4 June 2017: There’s pain, anger and grief at what is happening around the world but equally there is hope, gratitude and faith.

The faith is that love will win, as it always has and the faith that we can and will do something about it!

Thank you for supporting the South Asian Solidarity Space.

**

30 June 2017: We, the undersigned youth of South Asia and many others collectively

Strongly condemn the extremism, violence and attacks around the world, particularly in Afghanistan — these have affected all of us emotionally, physically and spiritually.

Reaffirm that terrorism is a global challenge and profiling any one nation, country or religion as culprits is not only inaccurate but also creates further boundaries.

It is time to expand our identities, embrace the differences and allow love and hope to be our guiding values. We demand our governments to explore newer ways of responding to these recurring challenges.

Over time, we are determined to become a coalition of peace-loving friends who can decisively influence the politics of South Asia and the World. We are confident that our struggles and efforts will pay off as the flowers of peace bloom in our region.

We dream of a world where walls don’t divide us — through dialogue and shared culture, we will navigate our differences and reach grounds of consensus, non-violently.

The South Asian Youth family stands together in these difficult times — our commitment to spreading love is stronger than ever before.

Joint Statement + Messages:

https://docs.google.com/document/d/1wXtSwTNOMzdllESU6kQ-kH2Y-99ujupgjD4HMxf4AYc/edit?usp=sharing

Petition:

**

15 Oct 2018: This is a call out to all the alumni of South Asian Youth Conference of the last 8 years….

Over the last 8 years, we’ve been able to pull of something quite unprecedented. We have been able to create a conference that isn’t supported by any government nor run by any central secretariat that is foundation funded.

SAYC has been out-and-out a labour of love of the people who hosted it in every country, taking out their time energy and money. They did this knowing that the conference will travel to other countries and belongs to a shared collective anchored by Blue Ribbon Movement.

The participants who showed up have also trusted the space with their time, energy and resources — together we’ve been able to travel this far.

There aren’t too many other conferences I know of that work this way. Our intent is now to deepen this process further.

How?

This SAYC, we’re going to step up the conversation of how to make it a co-held space that continues to be for the youth, of the youth and by the youth.

The way this looks like is many of our alumni stepping up to co-hold the conference as it moves into its next 8–10 years. Them, supported by a group of elders (non-youth chronologically but young at heart!), available to be consulted.

For this SAYC then, we invite you to show up and share your dreams and experiences. As a part of this series and the larger South Asian Movement, this is a great time to show up in solidarity and strengthen something that you’ve fed and co-created.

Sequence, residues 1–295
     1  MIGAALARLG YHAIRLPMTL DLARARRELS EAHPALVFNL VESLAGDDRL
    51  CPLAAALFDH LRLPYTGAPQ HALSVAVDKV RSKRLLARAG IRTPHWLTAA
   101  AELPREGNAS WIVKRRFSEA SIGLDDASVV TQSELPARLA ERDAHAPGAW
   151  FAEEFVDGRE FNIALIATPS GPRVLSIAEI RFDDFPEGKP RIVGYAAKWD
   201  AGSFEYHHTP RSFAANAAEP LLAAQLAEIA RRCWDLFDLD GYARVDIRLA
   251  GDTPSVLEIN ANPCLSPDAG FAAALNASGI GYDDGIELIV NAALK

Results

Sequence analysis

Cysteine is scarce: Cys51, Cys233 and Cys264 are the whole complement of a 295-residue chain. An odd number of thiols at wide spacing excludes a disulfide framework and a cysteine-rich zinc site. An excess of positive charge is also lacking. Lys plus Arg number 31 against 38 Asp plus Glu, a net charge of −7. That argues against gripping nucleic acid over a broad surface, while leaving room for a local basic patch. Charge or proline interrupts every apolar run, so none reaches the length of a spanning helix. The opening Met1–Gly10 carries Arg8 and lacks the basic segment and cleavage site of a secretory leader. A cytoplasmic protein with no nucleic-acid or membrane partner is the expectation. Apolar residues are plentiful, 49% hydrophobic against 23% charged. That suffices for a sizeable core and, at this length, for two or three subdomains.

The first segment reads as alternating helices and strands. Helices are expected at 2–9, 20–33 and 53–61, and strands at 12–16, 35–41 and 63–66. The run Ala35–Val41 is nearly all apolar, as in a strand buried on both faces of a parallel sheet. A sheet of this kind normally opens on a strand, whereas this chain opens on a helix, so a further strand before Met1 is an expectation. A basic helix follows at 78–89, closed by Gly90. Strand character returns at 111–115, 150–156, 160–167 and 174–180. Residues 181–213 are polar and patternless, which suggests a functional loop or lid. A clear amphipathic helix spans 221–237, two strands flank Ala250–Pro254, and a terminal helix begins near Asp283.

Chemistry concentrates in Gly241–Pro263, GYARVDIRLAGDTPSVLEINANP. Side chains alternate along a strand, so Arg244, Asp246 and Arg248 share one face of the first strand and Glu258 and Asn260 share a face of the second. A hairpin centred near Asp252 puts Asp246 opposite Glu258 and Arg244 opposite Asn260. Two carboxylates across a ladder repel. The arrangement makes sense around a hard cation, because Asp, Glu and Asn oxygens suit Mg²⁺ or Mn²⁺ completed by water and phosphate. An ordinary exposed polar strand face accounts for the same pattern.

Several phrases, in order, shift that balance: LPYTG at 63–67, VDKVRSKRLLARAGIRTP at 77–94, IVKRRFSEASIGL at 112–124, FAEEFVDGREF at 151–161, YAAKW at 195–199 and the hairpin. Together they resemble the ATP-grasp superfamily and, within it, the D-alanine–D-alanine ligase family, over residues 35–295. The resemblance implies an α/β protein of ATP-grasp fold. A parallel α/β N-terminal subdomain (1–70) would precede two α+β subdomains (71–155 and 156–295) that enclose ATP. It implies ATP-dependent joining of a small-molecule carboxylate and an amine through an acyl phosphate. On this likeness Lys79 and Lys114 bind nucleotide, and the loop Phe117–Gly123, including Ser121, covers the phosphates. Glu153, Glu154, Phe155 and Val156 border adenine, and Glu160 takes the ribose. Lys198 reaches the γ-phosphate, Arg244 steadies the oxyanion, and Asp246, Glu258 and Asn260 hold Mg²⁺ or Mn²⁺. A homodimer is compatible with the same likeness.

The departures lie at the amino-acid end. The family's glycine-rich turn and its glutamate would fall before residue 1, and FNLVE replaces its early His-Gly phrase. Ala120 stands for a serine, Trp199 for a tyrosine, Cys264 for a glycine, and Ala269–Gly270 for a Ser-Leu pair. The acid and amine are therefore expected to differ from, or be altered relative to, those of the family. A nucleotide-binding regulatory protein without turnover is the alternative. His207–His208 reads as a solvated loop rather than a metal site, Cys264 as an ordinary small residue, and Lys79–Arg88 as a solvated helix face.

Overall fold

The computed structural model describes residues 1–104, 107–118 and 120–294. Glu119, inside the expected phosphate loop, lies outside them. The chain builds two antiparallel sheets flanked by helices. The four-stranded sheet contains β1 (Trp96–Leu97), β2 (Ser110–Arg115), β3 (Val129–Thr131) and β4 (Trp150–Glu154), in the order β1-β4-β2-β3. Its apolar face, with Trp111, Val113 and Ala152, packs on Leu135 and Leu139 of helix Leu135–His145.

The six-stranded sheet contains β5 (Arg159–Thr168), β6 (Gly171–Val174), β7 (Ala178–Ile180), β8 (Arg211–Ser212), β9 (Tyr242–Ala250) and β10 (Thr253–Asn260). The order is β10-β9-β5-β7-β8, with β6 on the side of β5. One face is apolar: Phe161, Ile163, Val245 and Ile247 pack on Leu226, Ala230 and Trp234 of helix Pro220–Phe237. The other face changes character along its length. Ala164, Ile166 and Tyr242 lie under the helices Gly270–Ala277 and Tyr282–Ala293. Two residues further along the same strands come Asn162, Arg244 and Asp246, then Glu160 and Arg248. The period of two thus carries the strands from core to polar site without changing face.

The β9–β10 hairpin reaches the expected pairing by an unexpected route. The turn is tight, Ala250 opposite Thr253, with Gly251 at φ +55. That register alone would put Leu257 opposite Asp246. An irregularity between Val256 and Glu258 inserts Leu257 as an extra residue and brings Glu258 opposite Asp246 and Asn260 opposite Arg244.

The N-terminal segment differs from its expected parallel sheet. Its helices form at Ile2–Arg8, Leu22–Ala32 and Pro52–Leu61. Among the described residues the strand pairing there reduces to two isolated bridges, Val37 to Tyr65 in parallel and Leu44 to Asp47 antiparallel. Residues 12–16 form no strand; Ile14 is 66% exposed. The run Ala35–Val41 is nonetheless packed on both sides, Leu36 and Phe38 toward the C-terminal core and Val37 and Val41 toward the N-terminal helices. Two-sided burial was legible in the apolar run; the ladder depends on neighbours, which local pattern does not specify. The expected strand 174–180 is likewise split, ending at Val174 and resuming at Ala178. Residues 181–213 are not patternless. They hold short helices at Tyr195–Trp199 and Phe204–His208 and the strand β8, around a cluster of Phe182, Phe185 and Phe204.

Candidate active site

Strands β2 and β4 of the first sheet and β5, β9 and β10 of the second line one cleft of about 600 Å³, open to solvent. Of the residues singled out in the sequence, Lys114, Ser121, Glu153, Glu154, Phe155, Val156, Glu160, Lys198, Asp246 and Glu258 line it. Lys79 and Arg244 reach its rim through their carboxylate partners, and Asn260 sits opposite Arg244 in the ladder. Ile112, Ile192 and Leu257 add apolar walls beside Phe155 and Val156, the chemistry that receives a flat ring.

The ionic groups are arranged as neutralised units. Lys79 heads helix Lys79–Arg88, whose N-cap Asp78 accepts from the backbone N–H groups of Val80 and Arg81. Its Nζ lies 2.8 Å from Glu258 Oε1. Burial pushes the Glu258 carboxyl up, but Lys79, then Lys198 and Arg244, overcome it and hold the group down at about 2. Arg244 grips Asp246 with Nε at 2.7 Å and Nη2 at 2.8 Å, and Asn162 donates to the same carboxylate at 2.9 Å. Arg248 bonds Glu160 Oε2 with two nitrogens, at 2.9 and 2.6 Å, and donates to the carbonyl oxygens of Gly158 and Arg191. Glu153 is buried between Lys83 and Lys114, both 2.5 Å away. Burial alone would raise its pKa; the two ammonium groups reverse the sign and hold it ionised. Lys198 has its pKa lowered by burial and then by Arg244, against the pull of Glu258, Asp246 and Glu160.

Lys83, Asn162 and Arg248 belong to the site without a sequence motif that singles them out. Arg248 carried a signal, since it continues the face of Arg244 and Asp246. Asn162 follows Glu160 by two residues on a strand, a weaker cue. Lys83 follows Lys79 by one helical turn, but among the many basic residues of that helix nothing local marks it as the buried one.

While there are amazing stories of what has come out of SAYC so far, it is the HOW of this process that inspires me the most. To deepen it is the work, and to have faith that this work tills the soil for the seeds of a peaceful South Asia to sprout.

18 Oct 2018: Dear Sri Lanka,

We as South Asia love you for being a model for balancing growth and preserving nature*.

We love you for the space you give to your youth in your national decision making.

We’ve enjoyed your hospitality when we were in Colombo.

We’re now inviting all of you to join us in Mumbai, India for SAYC 2018.

Will you come? Will you join us and share your experiences? Will you apply and spread the word?

www.saycentral.org

Love,

Team SAYC

Blue Ribbon Movement South Asian Youth Conference Tharindu AbeyrathnaSachintha AbeysuriyaYasodhara Kapuge @Pujika Rathnayake @Sajith Wijesuriya Lahara Ranaweera Pubudu Weerarathna & all other Sri Lankan Brothers and Sisters

* (Ref:

https://www.footprintnetwork.org/2015/09/23/eight-countries-meet-two-key-conditions-sustainable-development-united-nations-adopts-sustainable-development-goals/

“Algeria, Colombia, Cuba, Ecuador, Georgia, Jamaica, Jordan and Sri Lanka are the only countries that currently meet the two minimum criteria for global sustainable development. They enjoy “high human development” (even “very high human development” in the case of Cuba) while keeping their Ecological Footprint lower than 1.7 global hectares per person, according to Global Footprint Network and United Nations data.”)

**

13 Dec 2018:

I’m feeling a sense of profound happiness about the South Asian Youth Conference 2018 coming back to India….

It has made me realise several things about social change…

One that I am a believer in millennials and especially those that are at Blue Ribbon Movement. They’re a blend of youthful energy with the grounded stillness that is required to hold such spaces. People — you give me hope!!

Second that the industry of violence may have institutional support but the peace process is powered by soul force. It is powered by the desire for harmony that is beating in each heart…